Sometimes having twins or multiples (more than one baby at a time) means it's best to have a planned C-section. Other women may reach a point in labor where a C-section becomes the best method for the safety of mother and child. These situations include:

  • Labor isn't progressing, despite patience and augmentation (help from the doctor) to make contractions stronger
  • The baby is not tolerating the labor or when the baby isn't doing well during the labor
  • The placenta is covering the cervix (opening of the uterus or womb), blocking the baby's exit (placenta previa) 

Another time when labor may raise the chances of problems for the mother is when she has pre-eclampsia (acute or sudden and serious high blood pressure). If this happens, a quick delivery is the safest way for the birth to happen.

A C-section can be a good thing

An emergency C-section may not be what a woman has in mind for her birth plan.

"We prepare patients throughout pregnancy for what to expect at delivery," said Dr. Schwab. "Patients understand that while a vaginal birth may be their first choice, each delivery is unique, and when needed, we will do a C-section.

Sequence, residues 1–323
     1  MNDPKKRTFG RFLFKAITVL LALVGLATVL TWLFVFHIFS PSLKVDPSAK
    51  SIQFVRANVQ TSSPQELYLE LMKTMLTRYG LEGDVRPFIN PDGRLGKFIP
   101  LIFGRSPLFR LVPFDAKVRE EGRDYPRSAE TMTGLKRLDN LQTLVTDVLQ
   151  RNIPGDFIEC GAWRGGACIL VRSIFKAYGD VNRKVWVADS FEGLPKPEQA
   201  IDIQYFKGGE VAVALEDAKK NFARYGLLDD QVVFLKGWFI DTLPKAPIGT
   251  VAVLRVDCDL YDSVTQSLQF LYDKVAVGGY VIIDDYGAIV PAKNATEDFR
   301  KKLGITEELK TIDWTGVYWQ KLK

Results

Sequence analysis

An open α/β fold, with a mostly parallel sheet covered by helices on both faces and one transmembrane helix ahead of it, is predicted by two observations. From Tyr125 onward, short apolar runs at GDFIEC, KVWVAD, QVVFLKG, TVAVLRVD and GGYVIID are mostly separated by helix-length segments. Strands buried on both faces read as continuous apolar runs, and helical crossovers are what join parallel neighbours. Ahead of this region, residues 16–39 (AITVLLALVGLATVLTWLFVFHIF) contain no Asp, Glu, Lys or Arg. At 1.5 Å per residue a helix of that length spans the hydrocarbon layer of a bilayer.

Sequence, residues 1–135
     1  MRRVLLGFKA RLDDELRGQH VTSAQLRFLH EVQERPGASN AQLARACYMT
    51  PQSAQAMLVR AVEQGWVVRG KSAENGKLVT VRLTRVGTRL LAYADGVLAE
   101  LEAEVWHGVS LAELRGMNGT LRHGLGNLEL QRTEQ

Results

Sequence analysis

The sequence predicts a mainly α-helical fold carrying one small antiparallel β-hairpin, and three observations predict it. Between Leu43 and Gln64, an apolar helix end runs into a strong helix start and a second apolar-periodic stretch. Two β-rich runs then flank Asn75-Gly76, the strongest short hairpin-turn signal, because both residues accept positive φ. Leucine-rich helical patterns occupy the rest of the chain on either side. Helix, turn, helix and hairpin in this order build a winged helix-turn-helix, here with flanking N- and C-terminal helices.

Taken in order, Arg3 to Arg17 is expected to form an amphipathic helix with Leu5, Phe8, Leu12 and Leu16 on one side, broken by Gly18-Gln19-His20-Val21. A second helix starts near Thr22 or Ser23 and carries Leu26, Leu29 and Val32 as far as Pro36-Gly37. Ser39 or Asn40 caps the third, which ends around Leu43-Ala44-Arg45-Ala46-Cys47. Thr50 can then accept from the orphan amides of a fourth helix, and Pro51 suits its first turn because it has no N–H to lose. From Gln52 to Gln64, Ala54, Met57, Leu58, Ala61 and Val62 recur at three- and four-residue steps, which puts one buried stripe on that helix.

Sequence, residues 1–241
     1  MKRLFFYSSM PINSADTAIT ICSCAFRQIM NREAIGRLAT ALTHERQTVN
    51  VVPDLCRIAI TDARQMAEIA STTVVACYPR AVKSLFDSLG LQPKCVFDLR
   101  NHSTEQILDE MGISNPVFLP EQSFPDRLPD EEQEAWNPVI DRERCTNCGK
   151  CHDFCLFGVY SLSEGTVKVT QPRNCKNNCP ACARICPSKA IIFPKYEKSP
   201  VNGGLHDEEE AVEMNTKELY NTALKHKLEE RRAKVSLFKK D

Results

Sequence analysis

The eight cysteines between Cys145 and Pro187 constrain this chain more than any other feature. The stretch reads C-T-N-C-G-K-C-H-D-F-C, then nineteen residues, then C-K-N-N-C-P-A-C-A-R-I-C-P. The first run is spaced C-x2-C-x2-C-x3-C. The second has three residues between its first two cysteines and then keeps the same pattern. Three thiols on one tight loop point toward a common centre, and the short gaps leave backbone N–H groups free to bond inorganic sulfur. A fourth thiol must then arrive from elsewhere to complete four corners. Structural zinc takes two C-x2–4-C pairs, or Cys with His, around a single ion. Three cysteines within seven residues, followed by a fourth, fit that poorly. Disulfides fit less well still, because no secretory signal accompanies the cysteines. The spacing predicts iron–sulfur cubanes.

"Talking with your doctor before your baby's birth may not take care of all your fears, but it will give you a sense of knowing what to expect if we need to do a C-section."

C-section problems

The following conditions may make it more likely that you'll have a C-section:

  • Having a pre-existing health problem
  • Gaining too much weight while pregnant
  • The baby is in a breech position (feet first in the uterus instead of the usual head first)

If the baby is in breech position, you can have an external cephalic version (ECV) procedure. This is when the doctor helps turn the fetus to the correct or head-down position before the birth.

Your doctor may suggest some of the following to help the birth and labor go safely and smoothly:

  • Induction of labor (when doctors help to start labor)
  • Labor augmentation (when doctors help make contractions stronger during the delivery)
  • Tools like forceps or a vacuum

"It's common for people to be skeptical about medical intervention [having a doctor help with delivery], believing it will lead to a less satisfying birth," said Dr. Oman. "But this doesn't give appropriate credit to the safety benefits that a C-section may offer.

"We play the hand that nature deals us as pregnancy and labor progress, and we see how mom and baby are doing throughout the process."

Fortunately, nature is assisted by our team of expert ob/gyn doctors. In the end, how a woman gives birth is a small part of having a baby. The health and safety of the mother and child are what matters most.

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  • Centers for Disease Control and Prevention. Birth Data. Accessed November 3, 2020.

The information provided is for general informational purposes only and is not intended to be medical advice or a substitute for professional health care. You should consult an appropriate health care professional for your specific needs.